Noah Brier | April 4, 2019

Why is this interesting? - Thursday, April 4

On YouTube, algorithms, and bad recommendations

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Ten Arguments for Deleting Your Social Media Accounts Right Now
Ten Arguments for Deleting Your Social Media Accounts Right Now

A book by Jaron Lanier discussing the impact of social media and advocating for quitting social media platforms.

Noah here. One of the stories of the week is surely the big Bloomberg piece about YouTube’s inability to curtail runaway recommendations for all sorts of terrible videos. To me the real meat of the piece comes about two-thirds in:

“YouTube doesn’t give an exact recipe for virality. But in the race to one billion hours, a formula emerged: Outrage equals attention. It’s one that people on the political fringes have easily exploited, said Brittan Heller, a fellow at Harvard University’s Carr Center. ‘They don’t know how the algorithm works,’ she said. ‘But they do know that the more outrageous the content is, the more views.’”

Why is this interesting?

As Colin can attest, I’ve been talking up YouTube Premium (formerly Red) for a few years now. While I’m sure there are other benefits, the main perk is zero commercials. This is particularly helpful if you want to watch a bunch of short videos without waiting for thirty seconds for each to start. No commercial living also led me to the endless supply of lectures from universities and other institutions (I’m particularly fond of the Royal Institution’s science lectures), which I have spent hours watching at the gym on 1.5x speed (something you can set in the app).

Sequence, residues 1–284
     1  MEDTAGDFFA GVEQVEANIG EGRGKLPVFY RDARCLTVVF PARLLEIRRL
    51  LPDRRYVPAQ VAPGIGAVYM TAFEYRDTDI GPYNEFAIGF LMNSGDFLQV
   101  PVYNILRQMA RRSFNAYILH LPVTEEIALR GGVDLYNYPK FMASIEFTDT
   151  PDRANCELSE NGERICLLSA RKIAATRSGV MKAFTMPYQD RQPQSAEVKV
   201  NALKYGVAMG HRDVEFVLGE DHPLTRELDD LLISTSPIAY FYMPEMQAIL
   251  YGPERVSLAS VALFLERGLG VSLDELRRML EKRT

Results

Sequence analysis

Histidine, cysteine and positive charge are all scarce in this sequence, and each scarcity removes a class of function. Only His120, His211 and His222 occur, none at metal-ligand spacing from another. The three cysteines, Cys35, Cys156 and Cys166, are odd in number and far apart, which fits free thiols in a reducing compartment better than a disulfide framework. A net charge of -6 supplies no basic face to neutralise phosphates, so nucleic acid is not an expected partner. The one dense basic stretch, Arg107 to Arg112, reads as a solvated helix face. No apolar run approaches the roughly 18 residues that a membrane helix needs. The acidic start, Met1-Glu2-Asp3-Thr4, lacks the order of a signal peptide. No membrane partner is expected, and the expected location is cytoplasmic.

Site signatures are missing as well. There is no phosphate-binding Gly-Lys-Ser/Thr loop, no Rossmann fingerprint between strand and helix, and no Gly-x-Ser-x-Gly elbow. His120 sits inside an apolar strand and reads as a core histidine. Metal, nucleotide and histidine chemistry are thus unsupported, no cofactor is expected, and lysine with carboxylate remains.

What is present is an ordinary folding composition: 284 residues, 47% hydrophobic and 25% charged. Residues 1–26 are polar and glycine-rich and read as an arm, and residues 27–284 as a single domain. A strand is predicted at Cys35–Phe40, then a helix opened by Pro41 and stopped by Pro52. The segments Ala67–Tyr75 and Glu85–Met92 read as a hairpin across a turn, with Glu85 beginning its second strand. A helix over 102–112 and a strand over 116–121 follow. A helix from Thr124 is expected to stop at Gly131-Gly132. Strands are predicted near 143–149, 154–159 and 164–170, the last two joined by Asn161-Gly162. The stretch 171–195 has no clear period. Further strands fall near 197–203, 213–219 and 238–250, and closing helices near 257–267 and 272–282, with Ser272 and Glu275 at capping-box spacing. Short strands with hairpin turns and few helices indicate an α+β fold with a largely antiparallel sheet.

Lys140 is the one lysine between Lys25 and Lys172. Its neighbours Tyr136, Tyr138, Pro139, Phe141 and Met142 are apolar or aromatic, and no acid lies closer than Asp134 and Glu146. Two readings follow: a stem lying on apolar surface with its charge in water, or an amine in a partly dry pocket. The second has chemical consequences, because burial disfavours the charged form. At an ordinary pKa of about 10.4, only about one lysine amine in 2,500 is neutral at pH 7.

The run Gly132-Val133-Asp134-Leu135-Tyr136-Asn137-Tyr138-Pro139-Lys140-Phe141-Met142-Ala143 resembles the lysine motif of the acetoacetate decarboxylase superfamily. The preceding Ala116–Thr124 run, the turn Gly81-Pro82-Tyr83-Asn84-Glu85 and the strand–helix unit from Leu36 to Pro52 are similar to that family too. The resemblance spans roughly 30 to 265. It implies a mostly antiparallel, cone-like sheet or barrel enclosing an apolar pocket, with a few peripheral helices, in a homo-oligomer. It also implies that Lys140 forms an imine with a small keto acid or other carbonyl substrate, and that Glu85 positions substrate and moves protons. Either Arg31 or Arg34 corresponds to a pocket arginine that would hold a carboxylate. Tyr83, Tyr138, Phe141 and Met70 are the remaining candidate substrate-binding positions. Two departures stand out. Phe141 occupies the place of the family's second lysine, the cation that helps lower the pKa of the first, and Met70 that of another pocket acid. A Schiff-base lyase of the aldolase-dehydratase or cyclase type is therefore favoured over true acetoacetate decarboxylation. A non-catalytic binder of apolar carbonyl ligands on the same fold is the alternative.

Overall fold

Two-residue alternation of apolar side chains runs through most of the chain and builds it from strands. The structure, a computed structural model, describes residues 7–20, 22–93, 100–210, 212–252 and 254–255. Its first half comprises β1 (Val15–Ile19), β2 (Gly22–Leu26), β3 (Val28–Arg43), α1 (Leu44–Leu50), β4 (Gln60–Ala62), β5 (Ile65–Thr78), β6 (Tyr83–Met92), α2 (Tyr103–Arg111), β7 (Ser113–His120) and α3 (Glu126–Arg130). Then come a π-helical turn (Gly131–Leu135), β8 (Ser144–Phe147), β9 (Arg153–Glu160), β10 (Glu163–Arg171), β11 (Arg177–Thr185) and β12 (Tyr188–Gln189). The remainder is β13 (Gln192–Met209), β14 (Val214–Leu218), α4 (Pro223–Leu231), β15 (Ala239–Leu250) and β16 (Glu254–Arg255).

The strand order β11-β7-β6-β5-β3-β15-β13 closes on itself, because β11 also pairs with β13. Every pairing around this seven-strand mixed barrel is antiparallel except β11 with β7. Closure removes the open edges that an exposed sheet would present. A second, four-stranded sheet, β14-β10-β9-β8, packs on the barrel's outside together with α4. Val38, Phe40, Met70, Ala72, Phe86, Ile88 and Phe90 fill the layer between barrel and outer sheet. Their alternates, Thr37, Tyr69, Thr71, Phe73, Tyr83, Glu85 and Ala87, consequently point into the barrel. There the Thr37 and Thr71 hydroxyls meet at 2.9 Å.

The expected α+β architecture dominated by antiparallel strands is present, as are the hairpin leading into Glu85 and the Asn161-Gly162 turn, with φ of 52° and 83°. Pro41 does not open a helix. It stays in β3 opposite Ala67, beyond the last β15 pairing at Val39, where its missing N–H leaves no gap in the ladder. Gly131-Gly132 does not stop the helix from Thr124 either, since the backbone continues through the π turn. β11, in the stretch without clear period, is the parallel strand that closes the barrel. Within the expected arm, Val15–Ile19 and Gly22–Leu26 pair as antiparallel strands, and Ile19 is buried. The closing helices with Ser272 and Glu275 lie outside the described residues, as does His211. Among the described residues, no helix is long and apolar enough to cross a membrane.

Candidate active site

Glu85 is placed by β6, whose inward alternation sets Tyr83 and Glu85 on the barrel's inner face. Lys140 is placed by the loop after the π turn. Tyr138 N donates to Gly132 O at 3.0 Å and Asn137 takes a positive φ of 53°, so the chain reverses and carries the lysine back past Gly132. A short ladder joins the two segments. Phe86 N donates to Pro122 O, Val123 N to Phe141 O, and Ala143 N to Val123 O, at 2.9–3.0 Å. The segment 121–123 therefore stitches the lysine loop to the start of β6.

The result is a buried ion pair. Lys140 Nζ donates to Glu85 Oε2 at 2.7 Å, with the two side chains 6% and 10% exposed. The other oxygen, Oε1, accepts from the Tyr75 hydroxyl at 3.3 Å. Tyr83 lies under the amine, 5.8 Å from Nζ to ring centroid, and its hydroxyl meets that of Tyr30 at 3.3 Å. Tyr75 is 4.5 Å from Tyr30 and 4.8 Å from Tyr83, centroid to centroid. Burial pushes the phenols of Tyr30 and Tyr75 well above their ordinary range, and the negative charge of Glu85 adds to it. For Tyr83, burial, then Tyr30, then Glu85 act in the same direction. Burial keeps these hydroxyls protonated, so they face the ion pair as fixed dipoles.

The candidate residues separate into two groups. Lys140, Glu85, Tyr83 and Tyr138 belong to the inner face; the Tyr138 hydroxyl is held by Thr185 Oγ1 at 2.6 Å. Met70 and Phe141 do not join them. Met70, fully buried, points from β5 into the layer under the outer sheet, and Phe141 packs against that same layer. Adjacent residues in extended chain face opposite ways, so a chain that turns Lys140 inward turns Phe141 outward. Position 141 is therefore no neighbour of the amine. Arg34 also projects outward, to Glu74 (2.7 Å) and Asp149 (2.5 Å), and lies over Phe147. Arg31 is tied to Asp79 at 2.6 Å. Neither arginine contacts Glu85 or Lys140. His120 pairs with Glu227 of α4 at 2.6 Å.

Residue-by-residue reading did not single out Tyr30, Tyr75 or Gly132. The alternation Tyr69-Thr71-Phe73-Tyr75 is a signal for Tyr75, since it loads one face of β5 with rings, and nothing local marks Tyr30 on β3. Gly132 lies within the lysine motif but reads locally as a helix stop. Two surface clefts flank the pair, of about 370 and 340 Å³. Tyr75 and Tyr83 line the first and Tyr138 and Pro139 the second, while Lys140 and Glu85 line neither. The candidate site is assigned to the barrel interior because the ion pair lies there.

Anyway, with all that YouTube time I’ve learned quite a bit about how they make recommendations. While it’s always dangerous to over-extrapolate from your own personal experience, I’ve been surprised at how quickly they can send you off the track you’re currently on. If I’m watching a physics lecture from a well-established institution, for instance, instead of continuing with more lectures from that institution, YouTube will instead recommend me a dude in his living room explaining relativity. It very much feels as if the goal is to share the wealth by exposing you to new users and channels, which will naturally be less established than the very small number of global institutions posting high quality videos on the platform (there’s just more randos than Royal Institutions).

All of this makes me think of a few things. First, for a really long time Google hid behind the idea that its algorithm told some objective truth when in reality it’s made up of the opinions from a bunch of engineers about what should rank where in search results. Second, this James Bridle post from 2017 about the craziness that is YouTube kids is a must read (this recent Reply All piece is a good companion). Third, there’s a whole thing in Jaron Lanier’s book about quitting social media that’s all about how the people that built the internet prioritized democratization over everything else, which at the time probably seemed fine but keeps coming back to bite us in the ass when we continually find that giving everyone a chance to get their YouTube video in front of the world no matter how insane it may be isn’t such a good idea after all. Finally, maybe the most interesting nugget in the whole Bloomberg pieces is how the law actually encourages YouTube to turn a blind eye:

“Yet, in the past, YouTube actively dissuaded staff from being proactive. Lawyers verbally advised employees not assigned to handle moderation to avoid searching on their own for questionable videos, like viral lies about Supreme Court Justice Ruth Bader Ginsburg, according to one former executive upset by the practice. The person said the directive was never put in writing, but the message was clear: If YouTube knew these videos existed, its legal grounding grew thinner. Federal law shields YouTube, and other tech giants, from liability for the content on their sites, yet the companies risk losing the protections of this law if they take too active an editorial role.”

That’s not good. I hope for the sake of YouTube and the great service it could be that they find a way to deal with this stuff, because I can personally say I’ve learned an incredible amount from the site over the last year and the great majority of videos I watched I never would have found without it. (NRB)

Chart of the Day:

The quick rise of Netflix original programming: Q1 2018 vs Q1 2019. (NRB)

Quick Links:

Thanks for reading,

Noah (NRB) & Colin (CJN)

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